Is Java Pass-By-Reference or Pass-By-Value?

Lewis D.

The Problem

A simple Google search of this question will return a straightforward answer that Java is always pass-by-value. The reason this question is confusing is because Java achieves its functionality using special variable types known as object references.

The Solution

Before we continue, let’s briefly define the terms pass-by-reference and pass-by-value:

  • Pass-by-reference: When a method is called, the method arguments reference the same variable in memory as the caller.
  • Pass-by-value: When a method is called, the caller passes a copy of the argument variables to the method resulting in two values in memory.

Let’s look at these concepts more closely with the code snippet below:

public class Mug {

    private String contents;

    public Mug(String contents) {
        this.contents = contents;
    }

    public void setContents(String contents) {
        this.contents = contents;
    }

    public String getContents(){
        return contents;
    }
}

public class Run {

    public static void spill(Mug myMug) {
        myMug.setContents("nothing");
    }

    public static void main(String args[]) {
        Mug myMug = new Mug("tea"); // myMug contains "tea"
        System.out.println(myMug.getContents());

        spill(myMug);  // myMug now contains "nothing"
        System.out.println(myMug.getContents());
    }
}

In example above, the contents of the Mug object are manipulated in a way that is functionally very similar to a native pass-by-reference system. However, there is a key difference that is explained by the mechanism of storing non-primitive variable types in Java.

Primitives

Primitive types in Java, such as char, int, and boolean, are passed-by-value in the purest sense of the term.

Consider the code snippet below:

public class Run {

    public static void main(String args[]){
        int foo = 13;
        System.out.println(foo); // this will print "1"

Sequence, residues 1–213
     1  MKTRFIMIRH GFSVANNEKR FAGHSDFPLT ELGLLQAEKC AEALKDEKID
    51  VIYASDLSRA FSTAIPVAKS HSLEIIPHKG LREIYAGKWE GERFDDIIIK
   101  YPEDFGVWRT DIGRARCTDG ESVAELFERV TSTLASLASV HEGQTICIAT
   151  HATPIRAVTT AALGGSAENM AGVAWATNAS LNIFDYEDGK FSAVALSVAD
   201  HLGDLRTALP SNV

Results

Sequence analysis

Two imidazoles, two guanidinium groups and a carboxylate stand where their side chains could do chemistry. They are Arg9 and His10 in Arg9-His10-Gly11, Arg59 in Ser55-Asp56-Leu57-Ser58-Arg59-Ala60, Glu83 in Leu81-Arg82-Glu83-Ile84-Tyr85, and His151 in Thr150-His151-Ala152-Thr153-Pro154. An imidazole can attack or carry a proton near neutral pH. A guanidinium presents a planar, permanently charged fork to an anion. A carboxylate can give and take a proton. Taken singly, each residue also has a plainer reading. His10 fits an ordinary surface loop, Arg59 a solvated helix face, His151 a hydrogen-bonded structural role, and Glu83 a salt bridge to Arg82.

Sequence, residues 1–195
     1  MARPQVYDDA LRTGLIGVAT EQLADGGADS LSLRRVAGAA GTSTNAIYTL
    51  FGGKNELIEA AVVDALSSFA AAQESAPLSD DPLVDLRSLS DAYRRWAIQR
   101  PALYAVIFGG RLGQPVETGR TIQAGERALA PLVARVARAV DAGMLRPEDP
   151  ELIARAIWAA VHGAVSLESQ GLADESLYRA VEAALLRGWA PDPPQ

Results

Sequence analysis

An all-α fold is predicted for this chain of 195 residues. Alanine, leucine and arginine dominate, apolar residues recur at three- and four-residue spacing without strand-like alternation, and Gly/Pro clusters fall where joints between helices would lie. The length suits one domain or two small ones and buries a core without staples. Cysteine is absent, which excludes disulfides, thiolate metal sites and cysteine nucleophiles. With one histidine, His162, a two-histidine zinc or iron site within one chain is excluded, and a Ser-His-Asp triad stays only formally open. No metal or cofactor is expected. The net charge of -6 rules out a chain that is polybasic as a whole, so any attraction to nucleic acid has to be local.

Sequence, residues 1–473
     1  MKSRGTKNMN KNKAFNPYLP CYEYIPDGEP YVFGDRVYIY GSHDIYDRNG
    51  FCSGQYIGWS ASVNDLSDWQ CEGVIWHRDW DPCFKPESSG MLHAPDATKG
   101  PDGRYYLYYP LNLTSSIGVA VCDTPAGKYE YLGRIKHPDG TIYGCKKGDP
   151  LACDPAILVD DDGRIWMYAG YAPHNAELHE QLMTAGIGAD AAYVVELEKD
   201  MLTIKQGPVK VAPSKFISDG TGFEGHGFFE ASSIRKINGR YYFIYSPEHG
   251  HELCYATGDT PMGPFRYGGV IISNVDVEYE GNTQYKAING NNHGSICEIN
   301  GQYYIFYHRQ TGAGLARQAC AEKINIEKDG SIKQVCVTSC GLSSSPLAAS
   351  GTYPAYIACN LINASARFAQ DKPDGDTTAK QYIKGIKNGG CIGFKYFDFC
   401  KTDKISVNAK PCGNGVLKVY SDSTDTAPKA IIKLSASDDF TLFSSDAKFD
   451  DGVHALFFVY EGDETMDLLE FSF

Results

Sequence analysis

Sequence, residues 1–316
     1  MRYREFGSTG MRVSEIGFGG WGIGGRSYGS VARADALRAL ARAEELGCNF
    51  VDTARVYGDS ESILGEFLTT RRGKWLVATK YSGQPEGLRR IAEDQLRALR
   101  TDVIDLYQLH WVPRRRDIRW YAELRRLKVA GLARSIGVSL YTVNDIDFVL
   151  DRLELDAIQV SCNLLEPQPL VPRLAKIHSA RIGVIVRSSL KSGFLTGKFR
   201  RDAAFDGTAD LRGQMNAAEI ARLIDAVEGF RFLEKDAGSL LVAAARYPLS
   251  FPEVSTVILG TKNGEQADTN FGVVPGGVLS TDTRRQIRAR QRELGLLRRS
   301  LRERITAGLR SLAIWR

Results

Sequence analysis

setFoo(foo);
        System.out.println(foo); // this will still print "1"
    }

    public static void setFoo(int bar){
        bar = 2;
    }
}

When the primitive int type foo is passed, it results in two separate int variables on the stack, foo and bar, like this:

Showing two Stacks, the first where the variable foo is pointing to bar showing it copied the value. The second shows bar being updated but foo remaining unchanged.

  1. Calling setFoo() will create a copy of foo’s value inside the variable bar and place this on the stack.

  2. Then, setFoo() updates bestNum’s value to 2 without modifying foo’s value.

Non-Primitives

Non-primitive types in Java – that is, objects – are accessed by object references. An object reference is a unique identifier that tells the compiler where to find the referenced object in heap memory. This reference is stored as a value on the stack, to which a variable name is assigned. For every instance of an object that is created, a new reference value is stored on the stack and a new object is created in the heap.

To explain this, let’s return to our Mug example.

(1) public class Mug {
(2) 
(3)     private String contents;
(4) 
(5)     public Mug(String contents) {
(6)         this.contents = contents;
(7)     }
(8) 
(9)     public void setContents(String contents) {
(10)         this.contents = contents;
(11)     }
(12) 
(13)     public String getContents() {
(14)         return contents;
(15)     }
(16) }
(17) 
(18) public class Run {
(19) 
(20)     public static void spill(Mug mugToBeSpilled) {
(21)         mugToBeSpilled.setContents("Nothing");
(22)     }
(23) 
(24)     public static void main(String args[]) {
(25)         Mug myMug = new Mug("Tea"); // myMug contains "Tea".
(26)         System.out.println(myMug.getContents());
(27) 
(28)         spill(myMug);  // myMug now contains "Nothing".
(29)         System.out.println(myMug.getContents());
(30) 
(31)     }
(32) }

The following diagrams show the behavior of the object in memory during the various manipulations in the code above. This should help illustrate the differences in how Java passes object references by value and a native pass-by-reference system.

Showing the Stack with a pointer to the actual Mug object on the Heap

First, we create an instance of the object Mug called myMug, and set the attribute contents to "Tea". This object is created on the heap and the variable myMug is given a reference value on the stack. This object reference on the stack points to the object on the heap.

Showing two items on the Stack, one pointing to the other and both pointing to the single Mug object on the Heap

When the spill() method is called, the parameter mugToBeSpilled will get a copy of the object reference variable myMug passed-by-value. Then the contents attribute of both Mug objects change to "Nothing". Functionally, this is similar to passing myMug by reference. However, the key difference is that we have two copies of the reference type value on the stack.

Summary

Modern programming languages, such as Java, rarely use a true pass-by-reference system. However, with the use of reference type variables, the end result for the developer is very much the same. The main difference is that a few more instances of reference type variables are created on the stack.

Further Reading

More information on the topic:

Further reading about heap space and stack memory in Java:

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